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1.     The following terms have these meanings in this Policy:

a) “Abuse” – Regular violence against or harassment of an individual
b) “Discipline Chair(s)” – An individual or individuals appointed to be the first point-of-contact for all discipline and complaint matters reported to Softball Canada, per the organization’s Discipline and Complaints Policy
c) “Individuals” – All categories of membership defined in Softball Canada Bylaws, as well as all individuals engaged in activities with Softball Canada including, but not limited to, athletes, coaches, mission staff, medical personnel, officials, volunteers, committee members, parents or guardians, and Directors and Officers.
d) “Vulnerable Individuals” – A person under the age of 18 years old and/or a person who, because of age, disability or other circumstance, is in a position of dependence on others or is otherwise at a greater risk than the general population of being harmed by people in positions of trust or authority
e) “Harassment” – comment or conduct directed towards an individual or group, which is offensive, abusive, racist, sexist, degrading, or malicious. Types of behaviour that constitute harassment include, but are not limited to:

i. Written or verbal abuse, threats, or outbursts
ii. Persistent unwelcome remarks, jokes, comments, innuendo, or taunts
iii. Leering or other suggestive or obscene gestures
iv. Condescending or patronizing behaviour which is intended to undermine self-esteem, diminish performance or adversely affect working conditions
v. Practical jokes which endanger a person’s safety, or negatively affect performance
vi. Any form of hazing
vii. Unwanted physical contact including, but not limited to, touching, petting, pinching, or kissing
viii. Unwelcome sexual flirtations, advances, requests, or invitations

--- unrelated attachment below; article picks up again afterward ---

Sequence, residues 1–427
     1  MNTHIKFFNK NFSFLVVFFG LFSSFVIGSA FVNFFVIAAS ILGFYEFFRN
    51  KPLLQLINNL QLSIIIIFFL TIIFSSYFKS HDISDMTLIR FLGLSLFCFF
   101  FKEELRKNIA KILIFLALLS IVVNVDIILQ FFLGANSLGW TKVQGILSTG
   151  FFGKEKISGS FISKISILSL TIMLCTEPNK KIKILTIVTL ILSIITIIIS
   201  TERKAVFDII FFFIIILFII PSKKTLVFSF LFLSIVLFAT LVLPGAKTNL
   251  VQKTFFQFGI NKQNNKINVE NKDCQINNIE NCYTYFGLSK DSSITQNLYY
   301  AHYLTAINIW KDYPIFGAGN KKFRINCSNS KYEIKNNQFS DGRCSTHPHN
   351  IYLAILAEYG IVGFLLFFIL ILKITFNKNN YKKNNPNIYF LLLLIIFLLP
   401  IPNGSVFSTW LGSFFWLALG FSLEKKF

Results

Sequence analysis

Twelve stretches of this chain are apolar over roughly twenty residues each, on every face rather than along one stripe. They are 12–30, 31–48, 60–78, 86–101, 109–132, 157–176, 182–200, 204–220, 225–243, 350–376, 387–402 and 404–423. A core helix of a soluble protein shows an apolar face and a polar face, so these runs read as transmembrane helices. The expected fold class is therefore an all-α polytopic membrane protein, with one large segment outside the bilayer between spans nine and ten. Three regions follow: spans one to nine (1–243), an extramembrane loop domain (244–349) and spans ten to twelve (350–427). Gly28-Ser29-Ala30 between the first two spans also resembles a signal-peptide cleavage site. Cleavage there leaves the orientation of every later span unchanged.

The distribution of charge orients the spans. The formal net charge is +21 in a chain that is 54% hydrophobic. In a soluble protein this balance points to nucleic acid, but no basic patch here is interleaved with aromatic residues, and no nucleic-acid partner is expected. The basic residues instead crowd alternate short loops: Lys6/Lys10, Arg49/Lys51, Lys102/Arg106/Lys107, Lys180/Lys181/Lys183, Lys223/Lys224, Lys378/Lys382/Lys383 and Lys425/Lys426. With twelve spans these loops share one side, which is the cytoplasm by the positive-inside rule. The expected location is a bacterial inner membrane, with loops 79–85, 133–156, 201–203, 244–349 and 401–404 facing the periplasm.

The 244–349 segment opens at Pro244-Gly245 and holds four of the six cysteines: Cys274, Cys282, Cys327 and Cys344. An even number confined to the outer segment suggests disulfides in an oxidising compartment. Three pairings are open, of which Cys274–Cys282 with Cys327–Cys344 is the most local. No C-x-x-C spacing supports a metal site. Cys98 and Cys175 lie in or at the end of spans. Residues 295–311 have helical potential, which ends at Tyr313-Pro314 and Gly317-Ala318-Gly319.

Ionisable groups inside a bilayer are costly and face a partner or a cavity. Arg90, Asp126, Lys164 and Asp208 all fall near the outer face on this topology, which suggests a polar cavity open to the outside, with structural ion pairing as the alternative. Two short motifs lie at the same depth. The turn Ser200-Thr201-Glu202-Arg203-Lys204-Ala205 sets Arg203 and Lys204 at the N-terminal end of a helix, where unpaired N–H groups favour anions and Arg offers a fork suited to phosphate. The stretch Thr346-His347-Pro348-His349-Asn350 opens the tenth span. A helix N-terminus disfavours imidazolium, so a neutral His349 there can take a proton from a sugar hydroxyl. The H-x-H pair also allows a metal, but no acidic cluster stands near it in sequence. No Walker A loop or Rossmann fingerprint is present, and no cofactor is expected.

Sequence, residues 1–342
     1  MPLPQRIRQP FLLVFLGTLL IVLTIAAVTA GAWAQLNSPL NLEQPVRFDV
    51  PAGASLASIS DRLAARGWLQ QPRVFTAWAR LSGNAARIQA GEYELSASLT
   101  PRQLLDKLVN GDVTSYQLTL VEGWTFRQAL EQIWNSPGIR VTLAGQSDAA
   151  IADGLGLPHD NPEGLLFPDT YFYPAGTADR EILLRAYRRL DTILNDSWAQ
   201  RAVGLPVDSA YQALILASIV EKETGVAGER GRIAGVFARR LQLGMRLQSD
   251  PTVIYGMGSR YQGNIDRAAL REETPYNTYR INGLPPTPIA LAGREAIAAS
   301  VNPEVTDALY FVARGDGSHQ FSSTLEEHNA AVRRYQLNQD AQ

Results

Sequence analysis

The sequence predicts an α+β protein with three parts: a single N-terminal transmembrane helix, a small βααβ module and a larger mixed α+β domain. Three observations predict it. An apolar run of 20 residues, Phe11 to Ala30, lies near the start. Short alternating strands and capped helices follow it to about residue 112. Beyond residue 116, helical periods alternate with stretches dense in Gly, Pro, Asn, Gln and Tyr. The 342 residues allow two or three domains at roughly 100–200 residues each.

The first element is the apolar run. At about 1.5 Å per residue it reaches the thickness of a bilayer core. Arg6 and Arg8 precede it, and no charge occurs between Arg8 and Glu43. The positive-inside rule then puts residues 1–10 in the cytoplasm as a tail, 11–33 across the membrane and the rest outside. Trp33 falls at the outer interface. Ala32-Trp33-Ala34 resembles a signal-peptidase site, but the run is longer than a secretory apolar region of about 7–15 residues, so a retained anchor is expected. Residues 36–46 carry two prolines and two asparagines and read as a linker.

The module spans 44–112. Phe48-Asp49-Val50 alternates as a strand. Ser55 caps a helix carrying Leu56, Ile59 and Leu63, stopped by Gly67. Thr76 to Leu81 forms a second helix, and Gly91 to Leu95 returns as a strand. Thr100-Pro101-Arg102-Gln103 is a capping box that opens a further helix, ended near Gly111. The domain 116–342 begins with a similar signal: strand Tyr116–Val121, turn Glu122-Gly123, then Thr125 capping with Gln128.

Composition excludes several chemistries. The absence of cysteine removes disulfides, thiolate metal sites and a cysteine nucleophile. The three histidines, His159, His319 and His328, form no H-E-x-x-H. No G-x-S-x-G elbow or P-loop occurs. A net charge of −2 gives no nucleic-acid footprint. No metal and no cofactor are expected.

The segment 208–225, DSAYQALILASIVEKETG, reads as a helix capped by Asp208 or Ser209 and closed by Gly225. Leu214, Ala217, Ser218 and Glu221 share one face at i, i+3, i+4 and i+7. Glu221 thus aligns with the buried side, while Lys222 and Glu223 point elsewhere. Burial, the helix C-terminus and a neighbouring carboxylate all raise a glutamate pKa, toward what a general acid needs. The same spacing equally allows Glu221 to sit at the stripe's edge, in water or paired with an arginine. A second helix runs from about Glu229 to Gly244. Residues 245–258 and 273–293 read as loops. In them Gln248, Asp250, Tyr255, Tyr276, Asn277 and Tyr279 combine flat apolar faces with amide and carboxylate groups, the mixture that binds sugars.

ix. Physical or sexual assault
x. Behaviours such as those described above that are not directed towards a specific individual or group but have the same effect of creating a negative or hostile environment
xi. Retaliation or threats of retaliation against an individual who reports harassment to Softball Canada

f) “Sexual harassment” – unwelcome sexual comments and sexual advances, requests for sexual favours, or conduct of a sexual nature. Types of behaviour that constitute sexual harassment include, but are not limited to:

i. Sexist jokes
ii. Display of sexually offensive material
iii. Sexually degrading words used to describe a person
iv. Inquiries or comments about a person’s sex life
v. Unwelcome sexual flirtations, advances, or propositions
vi. Persistent unwanted contact

g) “Violence” – the exercise of physical force by a person that causes or could cause physical injury; an attempt to exercise physical force against an Individual that could cause physical injury to the Individual; or a statement or behaviour that an Individual may reasonably interpret as a threat to exercise physical force against the Individual. Types of behaviour that constitute violence include, but are not limited to:

i. Verbal threats to attack
ii. Sending or leaving threatening notes or emails
iii. Making threatening physical gestures
iv. Wielding a weapon
v. Hitting, pinching or unwanted touching which is not accidental
vi. Throwing an object
vii. Blocking normal movement or physical interference, with or without the use of equipment
viii. Sexual violence
ix. Any attempt to engage in the type of conduct outlined above


2. Softball Canada is committed to a sport environment free from abuse, harassment, and violence. The purpose of this Policy is to stress the importance of that commitment by educating Individuals about abuse, outlining how Softball Canada will work to prevent abuse, and how abuse or suspected abuse can be reported to and addressed by Softball Canada.


3. Softball Canada has zero tolerance for any type of abuse. Individuals are required to report instances of abuse or suspected abuse to Softball Canada to be immediately addressed under the terms of the applicable policy.


4. Children under the age of 18 and adults, who are in a position of dependence due to age, disability, or other circumstance, can be abused in different forms.

5. The following descriptions of Child / Youth Abuse and Vulnerable Adult Abuse have been modified and adapted from Ecclesiastical’s Guidelines for Developing a Safety & Protection Policy for Children / Youth / Vulnerable Adults [1]:


6. “Child abuse” refers to the violence, mistreatment or neglect that a child or adolescent may experience while in the care of someone they depend on or trust. There are many different forms of abuse and a child may be subjected to more than one form:

a) Physical abuse involves single or repeated instances of deliberately using force against a child in such a way that the child is either injured or is at risk of being injured. Physical abuse includes beating, hitting, shaking, pushing, choking, biting, burning, kicking or assaulting a child with a weapon. It also includes holding a child under water, or any other dangerous or harmful use of force or restraint.